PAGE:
GRETI – Technical Note
The Transparency Survey
The Global Real Estate Transparency Index (GRETI) is compiled from a Survey of the global business network of Jones Lang LaSalle and LaSalle Investment Management. The Survey has been conducted since 1999, and is updated every two years. GRETI 2010 represents the sixth update.
The 2010 Survey consists of 20 major questions that set out to objectively determine relative real estate transparency across the world. The Survey is distributed to the global network of business leaders and researchers across Jones Lang LaSalle and LaSalle Investment Management, who work together to answer the survey for their respective country. Regional coordinators act as point persons to ensure objectivity and rigour. A global benchmarking process is overlaid to ensure that the questions are being interpreted consistently by all participants. Accounting, finance and legal experts are consulted on some technical questions to supplement the collective real estate knowledge.
The Survey is broken out into five major categories that address unique and separate factors affecting real estate transparency across the globe. The categories are:
- Performance Measurement
- Market Fundamentals
- Listed Vehicles
- Regulatory and Legal Environment
- Transaction Process
Survey questions have been developed for each category to capture the experience and perceptions of senior Jones Lang LaSalle or LaSalle Investment Management personnel working in each country. The 20 questions have a five choice answer (1-5); answering ‘1’ for a question means the market is Highly-Transparent for that question; an answer of ‘5’ corresponds to an Opaque market. Unless specified, the Survey is based on conditions in the principal city of each country. The exceptions are in India, China and Russia, where the Survey differentiates between primary, secondary and tertiary cities.
Methodology for Calculating the Transparency Index
The Composite Transparency Index is compiled from the weighted scores of the 20 major questions. 10 of the 20 questions have more than the one part. Of these 10, five questions ask the same question from both the perspective of domestic and non-domestic owners and corporate occupiers. No single major question is given more than a 5.0% weighting of the Composite Transparency Index. Sub-Index scores for each of the five Transparency categories are calculated from the average scores of the relevant questions.
The Composite Transparency Index scores range on a scale from 1.00 to 5.00. A country or market with a perfect 1.00 score has total real estate transparency; a country or market with a 5.00 score has total real estate opacity. Countries/markets are assigned to one of five transparency tiers as follows:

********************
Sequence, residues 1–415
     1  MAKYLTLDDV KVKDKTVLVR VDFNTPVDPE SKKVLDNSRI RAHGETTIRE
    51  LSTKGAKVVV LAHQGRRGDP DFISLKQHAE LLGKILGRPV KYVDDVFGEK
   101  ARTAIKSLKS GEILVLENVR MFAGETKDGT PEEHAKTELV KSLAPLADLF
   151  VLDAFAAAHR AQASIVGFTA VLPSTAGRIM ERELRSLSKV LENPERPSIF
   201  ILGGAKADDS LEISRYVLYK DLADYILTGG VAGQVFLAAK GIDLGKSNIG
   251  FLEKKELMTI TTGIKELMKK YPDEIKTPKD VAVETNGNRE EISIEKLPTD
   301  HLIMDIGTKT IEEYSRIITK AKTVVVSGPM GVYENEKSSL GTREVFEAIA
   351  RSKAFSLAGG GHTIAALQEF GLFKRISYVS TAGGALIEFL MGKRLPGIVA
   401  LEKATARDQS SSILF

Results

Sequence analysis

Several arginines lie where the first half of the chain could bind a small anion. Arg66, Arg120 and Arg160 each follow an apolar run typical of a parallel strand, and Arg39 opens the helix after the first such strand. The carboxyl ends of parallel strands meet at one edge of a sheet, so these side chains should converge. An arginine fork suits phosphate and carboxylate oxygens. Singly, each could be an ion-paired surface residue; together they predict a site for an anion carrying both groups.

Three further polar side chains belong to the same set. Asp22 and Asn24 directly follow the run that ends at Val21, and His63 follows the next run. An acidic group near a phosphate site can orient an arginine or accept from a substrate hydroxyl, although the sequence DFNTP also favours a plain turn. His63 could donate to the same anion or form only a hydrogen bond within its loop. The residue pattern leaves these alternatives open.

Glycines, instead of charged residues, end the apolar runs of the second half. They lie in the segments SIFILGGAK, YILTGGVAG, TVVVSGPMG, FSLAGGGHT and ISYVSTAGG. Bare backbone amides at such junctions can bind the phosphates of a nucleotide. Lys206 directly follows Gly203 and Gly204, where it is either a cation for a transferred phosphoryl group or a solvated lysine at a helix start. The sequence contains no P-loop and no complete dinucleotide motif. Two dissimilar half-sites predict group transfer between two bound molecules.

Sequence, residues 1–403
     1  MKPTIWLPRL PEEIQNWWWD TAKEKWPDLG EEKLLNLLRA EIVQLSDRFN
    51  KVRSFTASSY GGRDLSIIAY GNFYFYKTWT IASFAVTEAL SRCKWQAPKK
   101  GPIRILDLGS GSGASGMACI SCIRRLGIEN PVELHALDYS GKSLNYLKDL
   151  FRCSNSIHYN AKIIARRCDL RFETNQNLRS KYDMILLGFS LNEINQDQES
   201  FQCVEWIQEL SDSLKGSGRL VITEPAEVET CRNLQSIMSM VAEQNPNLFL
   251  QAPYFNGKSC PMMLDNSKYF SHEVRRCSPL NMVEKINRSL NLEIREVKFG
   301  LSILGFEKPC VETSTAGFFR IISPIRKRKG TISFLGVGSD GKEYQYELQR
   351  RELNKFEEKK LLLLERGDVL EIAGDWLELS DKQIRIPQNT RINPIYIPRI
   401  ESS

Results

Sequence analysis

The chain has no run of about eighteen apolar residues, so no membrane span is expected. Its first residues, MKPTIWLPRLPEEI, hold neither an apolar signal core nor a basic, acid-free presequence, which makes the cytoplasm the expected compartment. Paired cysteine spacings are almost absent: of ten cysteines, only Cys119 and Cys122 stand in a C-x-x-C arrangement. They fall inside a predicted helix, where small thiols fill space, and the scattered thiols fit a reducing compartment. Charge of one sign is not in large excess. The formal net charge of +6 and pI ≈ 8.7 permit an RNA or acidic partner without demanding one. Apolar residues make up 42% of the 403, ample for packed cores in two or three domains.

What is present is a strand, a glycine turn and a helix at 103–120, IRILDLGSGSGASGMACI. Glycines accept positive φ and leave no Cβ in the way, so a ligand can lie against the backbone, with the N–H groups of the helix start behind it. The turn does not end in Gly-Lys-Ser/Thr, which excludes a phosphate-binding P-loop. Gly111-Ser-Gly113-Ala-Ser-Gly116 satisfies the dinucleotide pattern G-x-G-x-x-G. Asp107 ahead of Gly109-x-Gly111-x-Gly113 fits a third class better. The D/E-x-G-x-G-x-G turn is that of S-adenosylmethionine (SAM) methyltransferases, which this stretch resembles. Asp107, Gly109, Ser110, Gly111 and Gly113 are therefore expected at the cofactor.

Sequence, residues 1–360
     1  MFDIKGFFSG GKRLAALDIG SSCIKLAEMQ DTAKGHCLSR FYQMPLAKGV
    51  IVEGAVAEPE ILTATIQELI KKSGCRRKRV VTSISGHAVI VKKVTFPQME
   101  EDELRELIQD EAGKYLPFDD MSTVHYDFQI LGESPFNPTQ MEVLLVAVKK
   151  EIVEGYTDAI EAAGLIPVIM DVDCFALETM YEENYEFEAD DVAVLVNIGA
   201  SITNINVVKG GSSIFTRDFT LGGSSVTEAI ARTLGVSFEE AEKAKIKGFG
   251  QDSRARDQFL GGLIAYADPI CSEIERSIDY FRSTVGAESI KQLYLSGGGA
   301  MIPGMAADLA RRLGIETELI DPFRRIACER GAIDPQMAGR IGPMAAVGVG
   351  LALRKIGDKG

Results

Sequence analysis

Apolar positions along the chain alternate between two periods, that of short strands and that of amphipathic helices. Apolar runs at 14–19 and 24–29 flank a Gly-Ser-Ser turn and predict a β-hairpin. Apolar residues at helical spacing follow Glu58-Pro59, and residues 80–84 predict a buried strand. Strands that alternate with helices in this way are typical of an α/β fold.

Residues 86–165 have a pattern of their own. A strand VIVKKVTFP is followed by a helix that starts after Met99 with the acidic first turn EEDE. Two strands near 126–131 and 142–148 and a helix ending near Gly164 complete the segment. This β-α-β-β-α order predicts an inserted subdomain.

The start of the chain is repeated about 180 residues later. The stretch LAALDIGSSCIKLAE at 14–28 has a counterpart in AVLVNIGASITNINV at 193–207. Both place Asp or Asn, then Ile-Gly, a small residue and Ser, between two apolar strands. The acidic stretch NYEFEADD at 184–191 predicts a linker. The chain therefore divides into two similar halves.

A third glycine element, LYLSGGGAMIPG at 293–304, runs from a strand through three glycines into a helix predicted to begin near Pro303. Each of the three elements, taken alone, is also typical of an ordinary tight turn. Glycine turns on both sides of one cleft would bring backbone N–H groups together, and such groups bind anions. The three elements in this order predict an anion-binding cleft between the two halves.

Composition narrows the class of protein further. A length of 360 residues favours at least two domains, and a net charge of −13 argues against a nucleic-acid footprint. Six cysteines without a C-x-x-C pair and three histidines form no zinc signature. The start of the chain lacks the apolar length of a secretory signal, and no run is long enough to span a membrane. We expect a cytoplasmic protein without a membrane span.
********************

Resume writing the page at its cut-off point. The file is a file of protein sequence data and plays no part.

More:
- Tier 1: Highly Transparent Total Composite Score: 1.00–1.49
- Tier 2: Transparent Total Composite Score: 1.50–2.49
- Tier 3: Semi-Transparent Total Composite Score: 2.50–3.49
- Tier 4: Low-Transparency Total Composite Score: 3.50–4.49
- Tier 5: Opaque Total Composite Score: 4.50–5.00
GRETI Time Series
Since its inception in 1999, the Transparency Index has evolved and been refined to reflect the changing demand of cross-border investors and corporate occupiers. Specifically:
- In 2008, new questions were added to embrace the perspective of corporate occupiers relating to occupier service charges and facilities management. Questions concerning debt financing and the frequency and credibility of property valuations were also added.
- In 2010, the existing questions regarding debt financing have been substantially revised to more appropriately reflect the key issues of debt transparency, relating to the availability of information on commercial real estate debt and the role of bank regulators in monitoring commercial real estate lending. There have also been revisions to questions on the transaction process covering pre-sale information and the bidding and negotiating process.
In presenting and mapping out the historic time-series of GRETI, we have used the Transparency Index scores derived from the questions posed at that year’s Survey, rather than attempting to standardise the series since 1999. As a consequence, the historic change in Transparency Index scores between Surveys may not truly reflect the actual change in transparency conditions.
Composite v Standardised Indices
The Composite Index is compiled from the weighted scores of the 20 major questions, and is used to compare and contrast real estate transparency conditions in 2010. However, recognising that recent changes in transparency scores are an important feature of understanding market conditions, we have provided a Standardised Index for both 2008 and 2010 in order to facilitate comparisons. The Standardised Transparency Index strips out the scores relating to debt transparency, and the weighting of the debt questions has been reallocated to other questions.